Re: [PATCH] KVM: x86: restore IP after all far jump failures
From: Radim KrÄmÃÅ
Date: Wed Nov 23 2016 - 11:24:05 EST
2016-11-22 15:18-0800, Nadav Amit:
>> On Nov 22, 2016, at 12:56 PM, Radim KrÄmÃÅ <rkrcmar@xxxxxxxxxx> wrote:
>> 2016-11-22 11:43-0800, Nadav Amit:
>>> I admit my wrongdoings, but I still think the fix should have been to
>>> remove the entire recovery logic and just return X86EMUL_UNHANDLEABLE if
>>> something goes wrong (exception). This will kill the misbehaving process
>>> but keep the VM running.
>> X86EMUL_UNHANDLEABLE will kill the whole VM (on QEMU, other userspaces
>> might handle the instruction and resume KVM).
> I donât think so. If CPL is not 0, handle_emulation_failure() will be called
> and will inject #UD.
This part of the emulator should only be used on Intels without
unrestricted guest, for real and unpaged protected mode.
It is unsafe as we don't make a clear distinction which instructions are
emulated for MMIO and which for old CPUs, but anyway, we should not be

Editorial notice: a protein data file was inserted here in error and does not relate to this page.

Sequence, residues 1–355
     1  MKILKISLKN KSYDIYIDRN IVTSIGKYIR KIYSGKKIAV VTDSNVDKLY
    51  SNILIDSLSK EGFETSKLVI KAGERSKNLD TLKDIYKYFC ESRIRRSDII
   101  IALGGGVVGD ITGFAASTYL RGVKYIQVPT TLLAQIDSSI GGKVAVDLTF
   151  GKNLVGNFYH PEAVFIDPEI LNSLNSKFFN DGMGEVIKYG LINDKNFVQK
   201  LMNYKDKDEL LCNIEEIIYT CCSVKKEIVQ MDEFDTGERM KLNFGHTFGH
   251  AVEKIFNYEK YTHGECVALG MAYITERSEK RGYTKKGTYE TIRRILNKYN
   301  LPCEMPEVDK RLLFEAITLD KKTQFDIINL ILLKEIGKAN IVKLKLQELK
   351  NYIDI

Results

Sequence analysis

emulating it only any OS that considers security.
(x86 can use pretty much any instruction for MMIO, but I think that KVM
should let a userspace emulator handle those exotic OSes.)
>> The recovery path is in the spec, which means that nothing goes wrong.
>> I think we implement the spec quite well now, so keeping the #GP and CS
>> recovery is slightly better, although not safer.
>>> Otherwise, a malicious VM process, which can somehow control descriptors
>>> (LDT?) may modify the descriptor during the emulation and get the system
>>> to inconsistent state and prevent the VM-entry.
>> We restore the original CS -- malicious guest would get killed on a
>> failed VM entry anyway, so the difference is only in KVM internal error
>> code (assuming there are no other bugs).
>> Am I misunderstanding something?
> Most likely you are right, but after doing one mistake, I donât want
> to be accountable for another.
> Note there is another problematic case in em_ret_far(). If an exception
> occurs when RIP is assigned, the RSP updates (of emulate_pop() ) are not
> going to be reverted. Can it be used for anything malicious? I donât know.
True, we are not emulating it right ... security is just side-effect.
Benefits of emulation are not worth the work so I'll prepare a patch
that just returns X86EMUL_UNHANDLEABLE. It's not going to fix other
bugs with stack handling, but at least we won't be making it crazier.